In what is undoubtedly the most hotly anticipated fixture of the upcoming Premier League weekend, Manchester United travel the short distance to the Etihad Stadium to take on neighbours and fierce rivals Manchester City.
The unbeaten home side, and reigning title holders, are the heavy favourites heading into the game. However, cliche though it may be, form tends to go out of the window in such derbies, as the Red Devils proved with their remarkable comeback win in this fixture last season.
Jose Mourinho will be out to spoil the Cityzens’ party once more but many City fans are equally worried about the influence referee Anthony Taylor may have on the outcome of the match.
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Although he’s a fan of non-league Altrincham, plenty of the Etihad faithful are concerned that the 40-year-old maybe biased towards United. Registered to the Cheshire FA, and born in Wythenshawe – a United fanbase stronghold – Taylor certainly has local ties, as reported by The Telegraph.
Plenty of City fans on Twitter have also voiced their dismay with the decision to appoint Taylor for his first Manchester derby…
So Altrincham’s No1 fan Anthony Taylor, who’s family are all rag supporters, is the ref for Sunday’s derby unbelievable
— John Palmer (@Mcfc13) 6 November 2018
Anthony Taylor , from a family of reds is the ref for Sunday. @mancity are we seriously not going to challenge this ?
— 1894 Group (@1894Group_MCFC) 6 November 2018
Cue the media absolutely crucifying sterling for diving (even tho he kicked the floor) all week and then Anthony Taylor bottling a stonewall pen on him on Sunday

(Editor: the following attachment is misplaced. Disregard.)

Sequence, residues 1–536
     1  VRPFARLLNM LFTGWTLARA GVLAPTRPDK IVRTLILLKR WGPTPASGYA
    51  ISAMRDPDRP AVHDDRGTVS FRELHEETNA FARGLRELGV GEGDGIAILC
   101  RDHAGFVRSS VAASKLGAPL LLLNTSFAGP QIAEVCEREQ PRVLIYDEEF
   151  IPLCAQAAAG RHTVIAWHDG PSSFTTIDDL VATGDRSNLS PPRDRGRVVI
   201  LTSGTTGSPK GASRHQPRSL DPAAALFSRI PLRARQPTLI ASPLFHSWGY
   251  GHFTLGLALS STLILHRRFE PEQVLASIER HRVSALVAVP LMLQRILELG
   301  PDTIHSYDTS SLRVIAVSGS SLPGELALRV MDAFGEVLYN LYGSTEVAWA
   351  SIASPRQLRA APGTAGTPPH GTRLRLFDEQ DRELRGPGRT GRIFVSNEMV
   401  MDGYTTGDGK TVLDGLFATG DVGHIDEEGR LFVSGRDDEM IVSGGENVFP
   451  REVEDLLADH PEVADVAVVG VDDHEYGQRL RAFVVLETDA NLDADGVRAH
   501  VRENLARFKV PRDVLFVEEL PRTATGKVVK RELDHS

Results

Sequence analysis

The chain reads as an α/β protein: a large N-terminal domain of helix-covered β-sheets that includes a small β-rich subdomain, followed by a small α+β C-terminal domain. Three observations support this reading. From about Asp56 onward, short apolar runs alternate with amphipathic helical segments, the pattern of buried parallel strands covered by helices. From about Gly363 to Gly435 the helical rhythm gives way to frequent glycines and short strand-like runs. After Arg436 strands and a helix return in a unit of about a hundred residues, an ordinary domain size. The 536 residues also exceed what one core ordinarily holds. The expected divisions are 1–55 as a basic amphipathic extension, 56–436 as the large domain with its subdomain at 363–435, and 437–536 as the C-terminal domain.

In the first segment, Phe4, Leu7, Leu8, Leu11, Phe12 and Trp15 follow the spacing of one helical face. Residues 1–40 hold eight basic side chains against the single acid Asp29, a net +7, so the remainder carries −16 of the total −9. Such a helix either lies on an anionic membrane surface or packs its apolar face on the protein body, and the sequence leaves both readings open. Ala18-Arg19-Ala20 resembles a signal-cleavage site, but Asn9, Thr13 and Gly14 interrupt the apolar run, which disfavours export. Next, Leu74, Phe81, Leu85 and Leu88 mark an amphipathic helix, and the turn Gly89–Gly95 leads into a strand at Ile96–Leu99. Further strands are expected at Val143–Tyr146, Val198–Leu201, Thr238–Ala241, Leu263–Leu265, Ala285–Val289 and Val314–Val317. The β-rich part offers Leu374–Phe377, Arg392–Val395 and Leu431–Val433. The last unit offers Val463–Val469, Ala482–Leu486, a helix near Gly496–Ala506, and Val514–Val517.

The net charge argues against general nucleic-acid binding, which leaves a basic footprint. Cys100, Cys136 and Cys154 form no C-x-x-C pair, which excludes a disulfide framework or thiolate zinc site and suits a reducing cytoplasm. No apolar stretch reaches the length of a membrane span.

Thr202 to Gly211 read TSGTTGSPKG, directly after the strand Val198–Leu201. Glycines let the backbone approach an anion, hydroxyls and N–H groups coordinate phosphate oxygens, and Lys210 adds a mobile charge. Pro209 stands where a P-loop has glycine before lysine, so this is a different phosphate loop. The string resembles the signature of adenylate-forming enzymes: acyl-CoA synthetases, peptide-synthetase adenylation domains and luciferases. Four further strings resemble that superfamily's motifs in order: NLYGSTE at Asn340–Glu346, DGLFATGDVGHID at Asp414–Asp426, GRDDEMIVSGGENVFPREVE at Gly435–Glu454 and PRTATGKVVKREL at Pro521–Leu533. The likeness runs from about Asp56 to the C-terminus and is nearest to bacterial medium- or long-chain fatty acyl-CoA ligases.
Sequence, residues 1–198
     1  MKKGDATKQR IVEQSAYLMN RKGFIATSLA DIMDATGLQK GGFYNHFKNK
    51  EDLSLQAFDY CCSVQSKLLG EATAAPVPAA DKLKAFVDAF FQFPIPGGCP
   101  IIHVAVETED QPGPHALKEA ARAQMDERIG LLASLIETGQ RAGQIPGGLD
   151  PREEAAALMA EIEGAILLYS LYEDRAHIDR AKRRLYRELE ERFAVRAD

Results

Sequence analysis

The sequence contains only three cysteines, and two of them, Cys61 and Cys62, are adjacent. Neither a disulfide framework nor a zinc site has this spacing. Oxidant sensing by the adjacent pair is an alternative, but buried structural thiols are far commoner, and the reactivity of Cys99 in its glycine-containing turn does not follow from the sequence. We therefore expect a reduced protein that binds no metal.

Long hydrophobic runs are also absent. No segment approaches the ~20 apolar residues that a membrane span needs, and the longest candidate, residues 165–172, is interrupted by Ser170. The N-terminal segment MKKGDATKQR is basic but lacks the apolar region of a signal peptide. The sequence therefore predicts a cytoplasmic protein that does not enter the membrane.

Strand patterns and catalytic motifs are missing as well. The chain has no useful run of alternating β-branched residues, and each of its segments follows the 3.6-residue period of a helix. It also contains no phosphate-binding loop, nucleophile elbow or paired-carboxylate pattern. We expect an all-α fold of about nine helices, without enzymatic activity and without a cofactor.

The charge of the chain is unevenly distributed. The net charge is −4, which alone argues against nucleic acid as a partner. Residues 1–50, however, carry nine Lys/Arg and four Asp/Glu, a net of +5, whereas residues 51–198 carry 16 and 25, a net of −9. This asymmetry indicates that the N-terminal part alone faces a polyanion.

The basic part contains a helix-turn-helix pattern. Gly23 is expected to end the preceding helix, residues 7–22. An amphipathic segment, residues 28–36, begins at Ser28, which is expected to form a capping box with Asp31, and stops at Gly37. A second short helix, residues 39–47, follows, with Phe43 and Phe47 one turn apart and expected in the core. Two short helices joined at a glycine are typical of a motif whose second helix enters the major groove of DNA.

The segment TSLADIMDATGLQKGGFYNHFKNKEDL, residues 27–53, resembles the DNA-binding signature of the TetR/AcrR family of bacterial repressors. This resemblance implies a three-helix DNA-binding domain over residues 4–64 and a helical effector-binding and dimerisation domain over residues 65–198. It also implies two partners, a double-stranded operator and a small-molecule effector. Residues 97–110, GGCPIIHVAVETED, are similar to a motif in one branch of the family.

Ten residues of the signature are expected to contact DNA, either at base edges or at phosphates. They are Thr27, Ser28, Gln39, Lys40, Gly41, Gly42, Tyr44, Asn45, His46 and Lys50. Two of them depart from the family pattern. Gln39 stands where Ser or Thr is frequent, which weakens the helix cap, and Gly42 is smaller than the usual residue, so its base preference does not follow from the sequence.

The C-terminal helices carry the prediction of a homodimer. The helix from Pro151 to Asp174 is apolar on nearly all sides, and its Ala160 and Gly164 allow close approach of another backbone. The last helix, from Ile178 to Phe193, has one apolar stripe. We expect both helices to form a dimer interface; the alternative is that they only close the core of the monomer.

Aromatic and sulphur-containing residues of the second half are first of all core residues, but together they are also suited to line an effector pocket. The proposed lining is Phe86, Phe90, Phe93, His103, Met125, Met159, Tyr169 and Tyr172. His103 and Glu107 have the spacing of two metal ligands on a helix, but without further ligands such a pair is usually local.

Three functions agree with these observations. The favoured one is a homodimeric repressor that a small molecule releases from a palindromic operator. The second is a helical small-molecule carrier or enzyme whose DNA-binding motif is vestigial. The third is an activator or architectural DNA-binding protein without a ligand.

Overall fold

— AG_mcfc (@Spanishdave4) 7 November 2018
However, Taylor’s stats so far this season suggest that Pep Guardiola’s side have little to worry about.
In terms of fouls per game, Taylor averages just 23.09 – which sees him rank 7th out of the 17 top flight officials to have taken charge of a game so far during this campaign. What’s more, in terms of fouls per tackle, Taylor averages 0.69 – ranking him 8th. These well balanced figures suggest that Taylor is capable of maintaining a free flowing game, but won’t let the tempers flare in the derby either. Such an approach ought to suit City’s fast-paced style.
With maintaining order in mind – always foremost in any referee’s thoughts ahead of officiating a derby such as this – it is vital that Taylor is firm but fair. He has shown 40 yellow cards so far this season, at an average rate of 3.64 per game. This figure sees him rank 5th out of the 17, and also suggests that, again, he takes a very measured approach in dealing out bookings.
Likewise, in terms of penalties awarded, Taylor ranks 10th out of 17 with an average of just 0.27 spot kicks given per game. These middle of the road figures indicate that any extreme measures taken by Taylor this Sunday, that favour one side or the other, would be very uncharacteristic.
One stat that does appear to favour City, though, is Taylor’s 82% home team win bias. If that win bias is a rule of thumb to go by, then City fans are likely to be heading home from the Etihad on Sunday in far better spirits about Taylor’s involvement than they currently find themselves in.